I knew I wanted to be a screenwriter ....
My mother took me to see "Lawrence of Arabia" when I was five years old. All I could remember was the sheer scale of the images. It was so huge that when it
was over I actually thought we had taken some wild trip. When I was a bit older,
my buddies and I snuck into "A Clockwork Orange." I was hooked. However, I first
felt I wanted to try be a screenwriter was when a 'major league' Hollywood producer, who I was working for at the time, raged at me that he had read 200
screenplays in the last year, only 5 of them were decent and only 3 of those were
producible! I read voraciously and always have a million ideas floating around in my head. I moved around a lot as a kid and come from a fascinating line of folks. I
have some stories to tell. I knew I had to give it a shot.
I know I've succeeded....
when a producer or story department boss calls me to ask what I'm up to.
My inspiration to write MAN OF CLAY.....
was a fascination with a short story; a sort of 'western' parable by the great author and folklorist, J. Frank Dobie. I wanted to try and weave it into a screenplay about a man's last shot of pulling something out the land that had been so good to him. For example, what if Willy Loman had indeed succeeded and Biff turned out to be a hard-ass? It became a sort of 'American dream' thing about finding your destiny within the land itself and how greed and irony can create a strong tale.
What inspired you to write?
Guy Barresi: I was going nuts wanting to put words to some of life's wild
situations and people. It was inspiring to see others succeed in doing just that. I
felt I had a lot to draw on and so far have been able to base my work on situations
and people that I've come to know or shared experiences with. It all came down to
that leap of faith, that first step. Once I got going I was struck by the difficulty of it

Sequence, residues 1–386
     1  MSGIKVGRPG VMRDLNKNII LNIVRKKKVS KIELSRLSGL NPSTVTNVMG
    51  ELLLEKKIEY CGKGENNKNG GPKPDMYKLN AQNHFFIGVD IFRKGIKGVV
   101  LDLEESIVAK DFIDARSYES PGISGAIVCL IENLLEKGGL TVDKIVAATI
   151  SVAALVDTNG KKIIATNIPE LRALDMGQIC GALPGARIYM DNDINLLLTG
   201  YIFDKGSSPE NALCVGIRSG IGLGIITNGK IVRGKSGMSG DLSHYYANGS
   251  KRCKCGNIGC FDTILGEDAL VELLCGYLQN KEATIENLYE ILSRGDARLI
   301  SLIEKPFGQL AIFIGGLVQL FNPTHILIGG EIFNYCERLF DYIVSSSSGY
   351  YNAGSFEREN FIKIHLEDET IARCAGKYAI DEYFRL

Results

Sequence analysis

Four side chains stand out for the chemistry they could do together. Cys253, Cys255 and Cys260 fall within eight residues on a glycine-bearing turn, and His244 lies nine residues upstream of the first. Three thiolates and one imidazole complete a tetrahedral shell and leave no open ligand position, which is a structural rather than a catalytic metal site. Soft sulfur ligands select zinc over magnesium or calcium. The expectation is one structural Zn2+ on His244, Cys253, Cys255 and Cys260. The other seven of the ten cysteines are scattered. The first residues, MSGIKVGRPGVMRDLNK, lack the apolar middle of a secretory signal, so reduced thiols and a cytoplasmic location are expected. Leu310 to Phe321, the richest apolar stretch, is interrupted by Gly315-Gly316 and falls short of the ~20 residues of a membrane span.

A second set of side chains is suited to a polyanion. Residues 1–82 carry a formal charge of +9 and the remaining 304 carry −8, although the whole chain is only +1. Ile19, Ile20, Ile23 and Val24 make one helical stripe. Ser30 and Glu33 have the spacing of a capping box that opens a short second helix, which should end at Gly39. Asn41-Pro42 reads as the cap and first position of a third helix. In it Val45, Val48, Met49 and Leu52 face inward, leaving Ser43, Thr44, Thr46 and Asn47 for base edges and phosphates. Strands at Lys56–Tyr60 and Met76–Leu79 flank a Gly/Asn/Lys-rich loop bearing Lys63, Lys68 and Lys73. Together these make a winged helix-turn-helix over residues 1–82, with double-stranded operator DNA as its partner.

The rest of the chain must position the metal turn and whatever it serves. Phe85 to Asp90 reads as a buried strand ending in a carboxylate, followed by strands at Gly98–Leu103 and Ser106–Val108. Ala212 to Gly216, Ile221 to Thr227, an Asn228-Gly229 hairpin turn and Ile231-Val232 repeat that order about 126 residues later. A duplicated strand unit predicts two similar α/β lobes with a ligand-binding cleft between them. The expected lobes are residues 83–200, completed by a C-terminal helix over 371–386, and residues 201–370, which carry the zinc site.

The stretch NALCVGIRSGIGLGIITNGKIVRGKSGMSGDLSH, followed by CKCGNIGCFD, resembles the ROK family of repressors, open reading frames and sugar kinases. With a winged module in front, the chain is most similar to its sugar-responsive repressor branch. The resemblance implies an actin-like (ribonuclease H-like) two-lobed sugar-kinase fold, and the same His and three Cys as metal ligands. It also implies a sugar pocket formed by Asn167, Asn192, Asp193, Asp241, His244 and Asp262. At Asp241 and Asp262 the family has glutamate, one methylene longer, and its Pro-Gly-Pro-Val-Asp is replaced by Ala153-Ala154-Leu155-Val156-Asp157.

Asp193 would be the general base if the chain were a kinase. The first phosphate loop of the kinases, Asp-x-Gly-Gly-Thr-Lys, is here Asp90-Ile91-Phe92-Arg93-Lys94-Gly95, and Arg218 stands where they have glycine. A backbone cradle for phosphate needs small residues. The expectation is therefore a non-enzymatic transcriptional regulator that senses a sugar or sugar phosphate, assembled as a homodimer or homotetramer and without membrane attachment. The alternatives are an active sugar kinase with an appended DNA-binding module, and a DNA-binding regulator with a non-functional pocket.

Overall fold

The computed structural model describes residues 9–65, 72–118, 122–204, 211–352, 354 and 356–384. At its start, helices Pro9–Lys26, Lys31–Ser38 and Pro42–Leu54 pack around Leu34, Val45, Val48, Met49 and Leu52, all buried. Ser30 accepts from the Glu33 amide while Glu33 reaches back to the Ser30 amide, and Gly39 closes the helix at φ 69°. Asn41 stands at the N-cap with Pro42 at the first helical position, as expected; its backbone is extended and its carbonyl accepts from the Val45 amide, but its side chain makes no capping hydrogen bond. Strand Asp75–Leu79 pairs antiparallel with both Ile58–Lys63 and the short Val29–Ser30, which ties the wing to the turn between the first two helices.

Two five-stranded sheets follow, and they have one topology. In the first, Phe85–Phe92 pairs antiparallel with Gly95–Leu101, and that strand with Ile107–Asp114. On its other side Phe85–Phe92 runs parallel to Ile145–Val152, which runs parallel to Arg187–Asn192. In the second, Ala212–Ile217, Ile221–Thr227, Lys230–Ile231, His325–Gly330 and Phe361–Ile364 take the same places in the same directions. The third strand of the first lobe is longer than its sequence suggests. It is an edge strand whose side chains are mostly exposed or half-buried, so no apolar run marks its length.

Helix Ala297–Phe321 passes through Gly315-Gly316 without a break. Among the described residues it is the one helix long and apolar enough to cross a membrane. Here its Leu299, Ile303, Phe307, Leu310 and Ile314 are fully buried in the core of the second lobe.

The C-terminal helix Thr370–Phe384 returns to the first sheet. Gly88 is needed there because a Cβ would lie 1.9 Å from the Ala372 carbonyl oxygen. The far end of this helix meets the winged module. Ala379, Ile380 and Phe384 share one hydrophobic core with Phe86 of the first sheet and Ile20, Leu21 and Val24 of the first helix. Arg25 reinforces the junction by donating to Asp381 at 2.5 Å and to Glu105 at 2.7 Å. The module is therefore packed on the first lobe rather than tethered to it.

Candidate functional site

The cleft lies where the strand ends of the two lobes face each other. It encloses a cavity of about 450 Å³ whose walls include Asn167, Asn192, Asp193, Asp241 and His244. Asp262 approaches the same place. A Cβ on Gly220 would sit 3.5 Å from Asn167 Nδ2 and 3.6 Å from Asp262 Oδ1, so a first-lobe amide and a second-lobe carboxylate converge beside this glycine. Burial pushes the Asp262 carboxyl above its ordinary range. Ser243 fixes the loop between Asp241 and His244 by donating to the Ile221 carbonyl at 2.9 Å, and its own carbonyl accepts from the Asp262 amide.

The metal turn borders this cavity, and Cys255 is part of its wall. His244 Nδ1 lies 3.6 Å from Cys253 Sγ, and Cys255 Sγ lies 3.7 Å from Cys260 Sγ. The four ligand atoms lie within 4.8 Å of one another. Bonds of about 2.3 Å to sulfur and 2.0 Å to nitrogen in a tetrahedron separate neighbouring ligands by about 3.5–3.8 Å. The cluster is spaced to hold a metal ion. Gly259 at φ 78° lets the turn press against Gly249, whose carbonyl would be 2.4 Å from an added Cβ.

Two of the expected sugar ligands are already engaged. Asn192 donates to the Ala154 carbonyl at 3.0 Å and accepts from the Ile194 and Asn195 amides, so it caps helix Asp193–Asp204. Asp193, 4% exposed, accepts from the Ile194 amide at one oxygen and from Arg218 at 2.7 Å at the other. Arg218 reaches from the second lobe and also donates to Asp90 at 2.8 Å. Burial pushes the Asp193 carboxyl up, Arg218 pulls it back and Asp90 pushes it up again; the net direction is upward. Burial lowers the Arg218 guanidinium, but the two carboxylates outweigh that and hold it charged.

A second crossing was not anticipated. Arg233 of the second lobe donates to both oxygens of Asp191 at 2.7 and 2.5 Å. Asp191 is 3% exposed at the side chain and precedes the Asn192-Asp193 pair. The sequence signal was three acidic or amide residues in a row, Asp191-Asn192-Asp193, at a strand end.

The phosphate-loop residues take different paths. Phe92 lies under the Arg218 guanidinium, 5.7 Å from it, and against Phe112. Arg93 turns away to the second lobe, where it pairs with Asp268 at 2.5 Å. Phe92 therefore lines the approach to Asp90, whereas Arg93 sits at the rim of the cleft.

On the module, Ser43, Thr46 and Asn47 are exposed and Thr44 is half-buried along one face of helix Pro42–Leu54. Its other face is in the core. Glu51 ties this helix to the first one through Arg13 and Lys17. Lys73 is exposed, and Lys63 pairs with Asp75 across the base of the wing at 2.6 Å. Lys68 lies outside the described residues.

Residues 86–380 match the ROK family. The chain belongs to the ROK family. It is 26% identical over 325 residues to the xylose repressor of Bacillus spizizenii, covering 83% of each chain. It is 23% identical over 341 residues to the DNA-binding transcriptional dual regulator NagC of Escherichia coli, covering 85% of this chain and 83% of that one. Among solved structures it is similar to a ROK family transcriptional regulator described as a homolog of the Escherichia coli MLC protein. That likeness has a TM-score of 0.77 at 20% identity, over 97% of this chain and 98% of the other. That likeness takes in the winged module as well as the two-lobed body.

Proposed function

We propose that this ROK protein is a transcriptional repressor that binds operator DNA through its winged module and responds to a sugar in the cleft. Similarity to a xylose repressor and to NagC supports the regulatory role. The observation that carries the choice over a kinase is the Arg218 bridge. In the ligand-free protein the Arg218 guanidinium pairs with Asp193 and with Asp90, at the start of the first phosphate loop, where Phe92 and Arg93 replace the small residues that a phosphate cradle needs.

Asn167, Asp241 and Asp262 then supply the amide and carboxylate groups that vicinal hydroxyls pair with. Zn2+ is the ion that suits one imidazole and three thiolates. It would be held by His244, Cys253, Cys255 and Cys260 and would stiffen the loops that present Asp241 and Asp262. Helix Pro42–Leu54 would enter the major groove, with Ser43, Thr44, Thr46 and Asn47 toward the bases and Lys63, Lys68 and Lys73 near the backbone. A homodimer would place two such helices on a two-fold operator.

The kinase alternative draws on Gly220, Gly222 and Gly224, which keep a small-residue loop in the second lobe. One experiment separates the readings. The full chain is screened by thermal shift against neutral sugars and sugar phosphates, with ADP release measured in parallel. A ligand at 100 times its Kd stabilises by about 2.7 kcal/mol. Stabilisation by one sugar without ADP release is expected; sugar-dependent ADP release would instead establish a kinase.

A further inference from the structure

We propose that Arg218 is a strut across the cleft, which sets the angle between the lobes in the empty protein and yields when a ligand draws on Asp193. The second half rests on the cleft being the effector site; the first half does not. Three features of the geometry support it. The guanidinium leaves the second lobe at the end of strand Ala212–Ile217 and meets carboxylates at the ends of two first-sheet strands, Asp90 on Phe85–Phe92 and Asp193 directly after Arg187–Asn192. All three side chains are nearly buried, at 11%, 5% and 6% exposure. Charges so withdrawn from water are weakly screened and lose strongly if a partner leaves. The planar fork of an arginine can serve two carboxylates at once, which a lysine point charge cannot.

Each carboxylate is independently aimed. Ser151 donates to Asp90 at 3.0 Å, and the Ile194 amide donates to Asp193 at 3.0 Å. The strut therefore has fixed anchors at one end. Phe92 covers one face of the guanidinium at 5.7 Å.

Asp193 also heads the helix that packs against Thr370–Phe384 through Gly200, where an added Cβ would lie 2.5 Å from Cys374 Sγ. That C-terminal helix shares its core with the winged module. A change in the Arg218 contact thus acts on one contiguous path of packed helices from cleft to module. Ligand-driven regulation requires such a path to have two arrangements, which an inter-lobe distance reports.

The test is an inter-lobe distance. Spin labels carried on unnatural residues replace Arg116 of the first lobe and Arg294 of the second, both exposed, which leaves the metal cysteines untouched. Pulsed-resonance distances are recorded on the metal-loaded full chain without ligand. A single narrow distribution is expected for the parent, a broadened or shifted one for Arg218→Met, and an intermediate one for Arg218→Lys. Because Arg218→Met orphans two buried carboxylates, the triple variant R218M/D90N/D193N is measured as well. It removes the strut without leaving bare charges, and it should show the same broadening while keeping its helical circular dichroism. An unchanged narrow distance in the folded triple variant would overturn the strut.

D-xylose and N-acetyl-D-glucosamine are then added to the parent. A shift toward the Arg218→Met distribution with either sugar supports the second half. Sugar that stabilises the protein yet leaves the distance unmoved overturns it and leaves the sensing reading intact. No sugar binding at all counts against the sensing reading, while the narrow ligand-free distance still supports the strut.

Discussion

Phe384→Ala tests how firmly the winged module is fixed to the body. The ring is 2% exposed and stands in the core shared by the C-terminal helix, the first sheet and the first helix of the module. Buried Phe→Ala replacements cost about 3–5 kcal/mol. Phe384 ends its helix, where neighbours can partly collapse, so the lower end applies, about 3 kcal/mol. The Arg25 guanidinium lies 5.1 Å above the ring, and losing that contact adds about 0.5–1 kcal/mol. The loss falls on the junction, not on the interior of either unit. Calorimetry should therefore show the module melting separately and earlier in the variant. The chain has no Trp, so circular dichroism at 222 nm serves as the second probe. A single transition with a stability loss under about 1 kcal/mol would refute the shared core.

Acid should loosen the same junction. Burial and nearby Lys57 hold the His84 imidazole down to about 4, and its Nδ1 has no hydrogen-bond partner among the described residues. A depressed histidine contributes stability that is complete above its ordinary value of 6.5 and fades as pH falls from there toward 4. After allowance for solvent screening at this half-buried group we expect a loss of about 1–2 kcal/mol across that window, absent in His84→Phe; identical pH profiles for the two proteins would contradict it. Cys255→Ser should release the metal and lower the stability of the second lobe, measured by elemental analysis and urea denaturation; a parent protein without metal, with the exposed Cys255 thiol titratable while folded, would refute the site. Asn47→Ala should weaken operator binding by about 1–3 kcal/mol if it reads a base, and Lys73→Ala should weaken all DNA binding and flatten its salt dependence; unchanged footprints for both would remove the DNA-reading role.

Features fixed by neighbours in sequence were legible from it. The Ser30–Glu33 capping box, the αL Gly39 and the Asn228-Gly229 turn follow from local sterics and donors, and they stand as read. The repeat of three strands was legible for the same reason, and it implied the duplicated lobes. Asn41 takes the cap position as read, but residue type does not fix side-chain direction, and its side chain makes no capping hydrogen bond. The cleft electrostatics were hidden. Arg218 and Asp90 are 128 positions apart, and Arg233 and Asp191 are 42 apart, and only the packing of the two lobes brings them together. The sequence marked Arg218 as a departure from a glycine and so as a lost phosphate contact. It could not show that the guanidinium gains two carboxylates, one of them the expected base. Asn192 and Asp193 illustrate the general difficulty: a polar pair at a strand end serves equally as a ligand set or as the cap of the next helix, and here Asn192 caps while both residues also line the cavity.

all and I quickly developed an even greater respect for all writers.
FilmMakers Magazine: What did you do to prepare yourself to write your first script?
Guy Barresi: I always lay out the whole work as an outline with scenes explained in one-line to build a structure and then quickly write the scenes that are most fully realized in my mind. The strong scenes help me eliminate or build-up any weaker ones.
FilmMakers Magazine: Is this your first script and how long did it take you to complete?
Guy Barresi: This is my first fully realized script, all my other work up to this one is in treatment form or outlined in one-line scene form.
FilmMakers Magazine: Do you have a set routine, place and time management for writing?
Guy Barresi: With a wife and kids I write whenever time allows, mainly late at night or early in the morning…whenever it's quiet. However, if I have a burst of ideas or an interesting approach to dialog I'll jump on the computer or grab my pad and bang it out, no matter who's around or what is going on.
FilmMakers Magazine: Do you believe screenplay contests are important for aspiring
screenwriters and why?